Given that there are no licensing requirements, no state board examinations or tests to ascertain knowledge, how do you define an herbalist and, more importantly, who do you trust for knowledge?

What Is an Herbalist?

For many years, I defined an herbalist by what I knew: one who had credentials in the field of medicine and herbalism. And by credentials, I meant someone who had a degree, who had the fancy letter after the name to support the lofty title of herbalist.

Then I read Nancy Philllips’ book, The Herbalist’s Way, and became convinced of an important truth:

 

I am an herbalist.

How can I make that claim? I, who have neither studied herbalism “officially” at an accredited school nor taken one science class beyond college biology?

Continue reading “What Is an Herbalist?”

Facebooktwittergoogle_plusredditpinterestmailby feather

Backyard Gardening for Beginners – How to Start a Vegetable Garden

Welcome to the first post in what I hope will be a nice series of posts on how to start a vegetable garden. These posts are intended for beginners, or those new to backyard gardening. I hope that even seasoned gardeners will find something of value in them.

raised bed vegetable garden

Backyard Gardening for Beginners: Where Should I Plant a Vegetable Garden?

The first question many new gardeners ask is where they should plant a vegetable garden. They look around their backyard, which may already have plants from a previous tenant or may simply be grass or dirt. Where should you locate your vegetable garden?

There are a few things to consider before you choose a spot for your vegetable garden.

  • How many vegetables do you want to grow? How much time do you have?You may have visions of a lush vegetable garden that feeds your family, a first step into homesteading that produces an abundance of fresh, healthy produce. The reality is that you work, your spouse works, and your children aren’t all that interested helping out. If that’s the case, start small. Your children may become interested in gardening once they see what’s going on in the yard. You can begin with pots or containers on the deck or in the backyard or a small raised bed garden. That’s plenty for someone new to gardening who just wants a few fresh tomatoes for a salad.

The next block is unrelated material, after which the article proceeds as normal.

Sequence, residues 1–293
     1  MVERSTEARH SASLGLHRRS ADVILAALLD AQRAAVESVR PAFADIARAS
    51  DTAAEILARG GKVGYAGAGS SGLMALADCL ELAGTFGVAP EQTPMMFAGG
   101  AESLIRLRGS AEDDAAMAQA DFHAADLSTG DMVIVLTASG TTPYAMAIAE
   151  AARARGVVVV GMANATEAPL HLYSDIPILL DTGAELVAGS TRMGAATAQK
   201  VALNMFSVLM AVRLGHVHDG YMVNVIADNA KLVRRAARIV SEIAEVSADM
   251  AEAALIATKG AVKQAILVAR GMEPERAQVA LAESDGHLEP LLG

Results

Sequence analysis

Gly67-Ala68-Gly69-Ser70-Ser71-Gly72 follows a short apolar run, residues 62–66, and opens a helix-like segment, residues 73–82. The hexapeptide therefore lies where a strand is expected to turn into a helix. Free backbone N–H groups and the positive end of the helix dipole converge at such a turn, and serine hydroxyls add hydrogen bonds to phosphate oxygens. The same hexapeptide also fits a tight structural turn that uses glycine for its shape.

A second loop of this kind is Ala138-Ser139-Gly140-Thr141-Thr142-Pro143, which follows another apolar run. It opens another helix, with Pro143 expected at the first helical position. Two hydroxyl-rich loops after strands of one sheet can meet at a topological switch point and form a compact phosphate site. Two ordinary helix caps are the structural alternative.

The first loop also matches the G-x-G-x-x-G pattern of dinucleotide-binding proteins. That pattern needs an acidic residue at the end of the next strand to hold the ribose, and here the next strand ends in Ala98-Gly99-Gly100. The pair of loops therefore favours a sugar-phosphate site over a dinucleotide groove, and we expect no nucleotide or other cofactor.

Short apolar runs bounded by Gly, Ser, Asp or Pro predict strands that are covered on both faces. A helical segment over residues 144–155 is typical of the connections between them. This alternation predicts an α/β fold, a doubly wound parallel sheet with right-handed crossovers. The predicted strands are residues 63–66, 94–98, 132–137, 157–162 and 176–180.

• How much sunlight do you have? Sunlight is one of the few non-negotiable elements that you need to grow healthy veggies. Most vegetable plants need six or more hours each day of bright, direct sunlight. Direct sunlight means that the rays of the sun touch the plants. Look around your yard and think back to the summertime. Where in the yard do you get bright, direct sunlight?

Look at photos taken of your yard May through September, the prime months for growing vegetables. This shows the light quality available during the months when you need it the most. Some yards appear sunny in the wintertime because deciduous trees in neighboring yards have dropped their leaves. When the oaks, maples and other deciduous trees grow their leaves again in the spring, the light quality drops considerably. That’s why you need to assess what you have available May through September, not necessarily January or February.

  • Where is the nearest water source? Yes, rain will provide water for your garden, but during times of drought you will need to supplement what nature provides with water from a garden hose or watering can. Where is the nearest hose or spigot? If you don’t have a hose in the backyard and plan to carry water in a big watering can to your garden, consider how far away the water source is from the plants. What seems like a short distance now may seem like miles on a hot summer day when all you want to do is sit in your air-conditioned living room watching reruns.
  • Soil quality: Get your soil tested in the spot where you plant to grow vegetables. In America, soil tests are conducted by the local County Cooperative Extension offices. They have a kit and instructions to help you take accurate samples (it’s easy). They charge a small fee, which varies according to location, but which covers the cost of the test and the results. The extension agent or a master gardener will review the results with you and help you understand which amendments if any you need to apply to make the soil just right to grow vegetables. If you plan to grow vegetables in pots, containers or a raised bed garden, you can skip the soil test since you will add bagged potting soil to these containers or beds.
tomato
Cracks like this make it easy for

Don’t Limit Garden Ideas to the Backyard – Consider the Front, Too

If you do not have abundant sunshine in your backyard but you do have it in the front yard, why not grow a few vegetables there? Unless you have zoning laws or home owner association laws that forbid growing vegetables on your front lawn, turn your front lawn into your vegetable garden.

Container Gardens

For those who decide they do not want a large vegetable garden, container gardens are a great choice. You can place them on a patio, deck, or another area the receives abundant sunshine. I have a series on container vegetable gardening here on Home Garden Joy that you may find helpful.

What About Fancy Equipment?

Forget all that you read in glossy magazines and other websites about all the fancy equipment you need. You need a hose or watering can, a sturdy trowel and a good pair of gardening gloves. For tomatoes, you need stakes or cages to help them stand upright. That’s it. The rest is all nice to have, but unnecessary for beginners.

I have grown vegetables in a tiny near-New York City backyard, on an apartment patio on Long Island New York and now in raised beds in Virginia. We harvested plentiful vegetables from that tiny plot because of the abundant sunshine, water and great soil; okay vegetables in containers; and now, abundant vegetables once again from my raised bed garden.

No matter what your goals or desires, even growing one tomato plant in a pot on the deck provides such a sense of satisfaction that you’ll never want a store bought one again.

Happy gardening, keep growing, and check back again on Tuesdays and Thursdays for more great backyard gardening tips for beginners in this new winter series from Home Garden Joy.

Facebooktwittergoogle_plusredditpinterestmailby feather